View Poll Results: Should those who legally use medicinal marijuana be denied a permit?

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  • Yes, don't let those stoners carry!

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  • No, leave 'em alone!

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Thread: Smoke medical pot, lose your [permit]?

  1. #1
    State Researcher Kevin Jensen's Avatar
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    http://www.kval.com/news/local/69244857.html

    Smoke medical pot, lose your Second Amendment gun rights?


    Story Published: Nov 4, 2009 at 5:10 PM PST

    By BRAD CAIN Associated Press SALEM, Ore. (AP) — The right of Oregonians to use marijuana for medical reasons and also to obtain concealed handgun permits is being challenged by local sheriffs who say federal law prevents those people from packing heat.

    Advocates for the state's medical marijuana law countered Wednesday in the Oregon Court of Appeals that the sheriffs simply don't like the program and are looking for ways to undermine it.

    Both sides now are looking to the courts to say definitively whether there's anything to prevent Oregon from issuing the concealed handgun permits to users of medicinal pot.
    The head of the national marijuana advocacy group NORML said he's not aware of the issue being raised in the 13 other states that allow medicinal use of pot.

    "It's kind of unique to Oregon that a couple of sheriffs there seem to want to defer to federal law when they really ought to be looking at enforcing state laws," Allen St. Pierre, NORML's executive director, said in an interview from Washington, D.C.

    He also noted that the Obama administration in recent weeks has signaled that federal prosecutors will not go after people in those states who use medical marijuana legally.

    "The administration is going to defer to local and state governments on these issues," he said.

    Sheriffs from Washington and Jackson counties say, though, that they want clarification from the court on whether federal gun laws prohibiting illegal drug users from possessing handguns applies to people who have permits to use marijuana for medical reasons.

    Marijuana is still classified as a controlled substance under federal law, they said.

    Lower courts had twice ordered the two sheriffs to give weapons permits to people who had lost them because they are medical marijuana users, and both appealed those rulings.

    Attorney Elmer Dickens, representing Washington County Sheriff Rob Gordon, said the sheriff thinks he's in an untenable position.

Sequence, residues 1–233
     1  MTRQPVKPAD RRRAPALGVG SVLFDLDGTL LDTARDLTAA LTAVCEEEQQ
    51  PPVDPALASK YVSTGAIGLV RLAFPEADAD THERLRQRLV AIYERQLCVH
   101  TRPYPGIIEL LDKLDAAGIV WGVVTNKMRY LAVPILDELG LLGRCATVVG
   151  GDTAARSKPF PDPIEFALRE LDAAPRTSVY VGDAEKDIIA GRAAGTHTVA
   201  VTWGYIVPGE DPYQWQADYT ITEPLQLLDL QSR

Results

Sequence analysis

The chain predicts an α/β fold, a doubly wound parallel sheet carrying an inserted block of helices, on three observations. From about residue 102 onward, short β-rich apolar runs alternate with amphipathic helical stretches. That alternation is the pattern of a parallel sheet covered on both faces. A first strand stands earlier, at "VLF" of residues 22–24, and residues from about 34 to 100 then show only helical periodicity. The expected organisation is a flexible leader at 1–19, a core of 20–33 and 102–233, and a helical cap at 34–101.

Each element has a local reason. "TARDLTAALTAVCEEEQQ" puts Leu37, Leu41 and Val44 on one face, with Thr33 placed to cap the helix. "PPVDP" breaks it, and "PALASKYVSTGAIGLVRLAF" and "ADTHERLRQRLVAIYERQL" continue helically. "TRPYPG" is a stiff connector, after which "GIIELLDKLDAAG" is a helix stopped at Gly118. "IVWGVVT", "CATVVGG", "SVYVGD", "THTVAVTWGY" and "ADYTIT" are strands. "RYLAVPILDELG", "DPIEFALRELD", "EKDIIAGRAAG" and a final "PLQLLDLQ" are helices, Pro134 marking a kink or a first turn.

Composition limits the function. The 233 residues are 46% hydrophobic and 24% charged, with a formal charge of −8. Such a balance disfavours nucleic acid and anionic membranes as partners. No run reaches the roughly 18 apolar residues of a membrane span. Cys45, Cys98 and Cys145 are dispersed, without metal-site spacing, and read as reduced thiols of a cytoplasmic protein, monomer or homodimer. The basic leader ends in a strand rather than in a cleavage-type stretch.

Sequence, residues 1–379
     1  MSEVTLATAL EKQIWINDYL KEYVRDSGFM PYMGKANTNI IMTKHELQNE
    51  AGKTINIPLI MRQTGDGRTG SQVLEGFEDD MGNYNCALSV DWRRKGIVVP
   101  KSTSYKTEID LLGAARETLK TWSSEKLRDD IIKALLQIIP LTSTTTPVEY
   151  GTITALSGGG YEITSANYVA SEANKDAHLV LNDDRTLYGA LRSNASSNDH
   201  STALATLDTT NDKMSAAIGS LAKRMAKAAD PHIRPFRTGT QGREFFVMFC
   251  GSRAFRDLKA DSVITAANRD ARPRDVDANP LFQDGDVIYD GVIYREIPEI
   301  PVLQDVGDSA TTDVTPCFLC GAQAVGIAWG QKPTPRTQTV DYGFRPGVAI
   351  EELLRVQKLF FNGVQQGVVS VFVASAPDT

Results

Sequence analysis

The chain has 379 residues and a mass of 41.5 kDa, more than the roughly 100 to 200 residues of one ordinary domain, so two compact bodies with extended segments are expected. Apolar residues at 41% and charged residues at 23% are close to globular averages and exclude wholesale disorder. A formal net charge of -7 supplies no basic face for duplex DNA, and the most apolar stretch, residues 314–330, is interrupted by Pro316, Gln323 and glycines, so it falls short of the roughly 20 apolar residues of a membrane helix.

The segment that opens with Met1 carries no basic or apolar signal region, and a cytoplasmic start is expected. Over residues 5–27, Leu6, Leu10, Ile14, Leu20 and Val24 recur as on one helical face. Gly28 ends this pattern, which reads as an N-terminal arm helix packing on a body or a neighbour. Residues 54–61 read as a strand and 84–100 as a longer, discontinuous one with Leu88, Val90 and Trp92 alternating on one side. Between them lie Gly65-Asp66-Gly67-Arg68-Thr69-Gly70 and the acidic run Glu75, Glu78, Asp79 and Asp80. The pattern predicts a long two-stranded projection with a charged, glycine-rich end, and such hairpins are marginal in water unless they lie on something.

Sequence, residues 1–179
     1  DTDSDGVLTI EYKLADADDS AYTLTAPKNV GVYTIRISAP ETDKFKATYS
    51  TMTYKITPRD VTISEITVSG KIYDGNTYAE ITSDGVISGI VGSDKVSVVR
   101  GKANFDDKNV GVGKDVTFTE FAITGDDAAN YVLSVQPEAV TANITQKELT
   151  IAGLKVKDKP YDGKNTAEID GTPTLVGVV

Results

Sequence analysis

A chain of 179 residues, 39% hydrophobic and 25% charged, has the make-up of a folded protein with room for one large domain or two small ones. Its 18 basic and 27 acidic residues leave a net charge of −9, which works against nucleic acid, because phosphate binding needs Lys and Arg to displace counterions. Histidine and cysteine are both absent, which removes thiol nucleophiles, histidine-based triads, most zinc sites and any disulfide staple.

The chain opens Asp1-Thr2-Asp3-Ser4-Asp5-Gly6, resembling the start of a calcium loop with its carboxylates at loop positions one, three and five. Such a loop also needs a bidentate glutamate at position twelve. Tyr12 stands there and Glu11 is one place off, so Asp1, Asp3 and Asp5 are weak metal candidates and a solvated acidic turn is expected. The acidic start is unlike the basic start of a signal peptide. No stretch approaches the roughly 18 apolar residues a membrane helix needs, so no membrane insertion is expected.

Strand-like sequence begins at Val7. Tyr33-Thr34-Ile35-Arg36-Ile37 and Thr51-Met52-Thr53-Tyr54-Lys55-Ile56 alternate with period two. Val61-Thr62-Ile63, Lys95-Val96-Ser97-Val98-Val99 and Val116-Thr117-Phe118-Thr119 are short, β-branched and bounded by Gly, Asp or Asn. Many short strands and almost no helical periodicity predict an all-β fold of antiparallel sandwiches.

"We don't think it's appropriate for the sheriff to be issuing a license to carry something that the federal government has said they are not even entitled to possess," Dickens said in court arguments.

    A Portland lawyer for the advocates argued in court Wednesday that federal law doesn't trump Oregon's concealed handgun permit law.

    Medical marijuana users who meet all other criteria cannot be deprived of the right to a concealed handgun permit, said Leland Berger, who helped write Oregon's medical marijuana law.

    "What this is about is that the sheriffs don't like the medical marijuana law. Twelve years after it was approved by voters, the sheriffs want to discriminate against patients," he said.

    Steven Schwerdt said he had a concealed handgun permit for six years before the Washington county sheriff's office revoked it when he became a medical marijuana user.

    "I'm no criminal; I'm just a guy who can't physically run away from dangerous situations," said Schwerdt, who uses medical marijuana to relieve the symptoms of severe arthritis and gout.

    Schwerdt got his gun permit back in May 2008 when a lower court judge overruled the sheriff's office on grounds that there was no legitimate reason to deny him one.
    "An armed society is a polite society. Manners are good when one may have to back up his acts with his life." Robert A. Heinlein

  2. #2
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    Well No Matter how you look at it Pots a drug.. I'm not against it, but i do think it would impair someones judgement if the need came to use their handgun or if it was actually an appropriate time to use it. Back in my Highschool days I smoked it and I'll tell yea.. I felt more stupid lol... But I do not think that Just cause you Have a medical marijuana card your rights should be taken away... sooo its a real debatable subject.

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    I have to wonder how much this weighed in Rob Gordon's mind when he denied my application a few years ago, when I was still part of the OMMP...

    Interesting, to say the least. I'll be watching this with interest.

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    I am all for legalizing marijuana and no, I am NOT a stoner. I have tried it but again, it makes me bloody stupid. Thus, I dont.

    It may be a drug but its less potent then alcohol and causes fewer deaths. When the two go hand in hand, alcohol and marijuana, there are negative outcomes. Frankly, there should be no problem because the medical marijuana is legal just like alcohol. Do they take away your gun rights if you drink beer on Fridays? No.